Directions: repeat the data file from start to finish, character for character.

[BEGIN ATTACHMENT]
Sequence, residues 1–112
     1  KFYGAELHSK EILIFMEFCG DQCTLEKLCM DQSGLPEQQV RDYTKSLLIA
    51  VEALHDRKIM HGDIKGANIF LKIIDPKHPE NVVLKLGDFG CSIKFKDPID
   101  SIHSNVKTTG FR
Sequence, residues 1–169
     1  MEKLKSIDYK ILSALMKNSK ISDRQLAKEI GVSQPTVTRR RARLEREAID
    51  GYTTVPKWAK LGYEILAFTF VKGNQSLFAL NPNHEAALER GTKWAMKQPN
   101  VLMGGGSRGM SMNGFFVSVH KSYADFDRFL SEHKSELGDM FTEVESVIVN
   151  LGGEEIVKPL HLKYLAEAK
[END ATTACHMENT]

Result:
Sequence, residues 1–112
     1  KFYGAELHSK EILIFMEFCG DQCTLEKLCM DQSGLPEQQV RDYTKSLLIA
    51  VEALHDRKIM HGDIKGANIF LKIIDPKHPE NVVLKLGDFG CSIKFKDPID
   101  SIHSNVKTTG FR
Sequence, residues 1–169
     1  MEKLKSIDYK ILSALMKNSK ISDRQLAKEI GVSQPTVTRR RARLEREAID
    51  GYTTVPKWAK LGYEILAFTF VKGNQSLFAL NPNHEAALER GTKWAMKQPN
   101  VLMGGGSRGM SMNGFFVSVH KSYADFDRFL SEHKSELGDM FTEVESVIVN
   151  LGGEEIVKPL HLKYLAEAK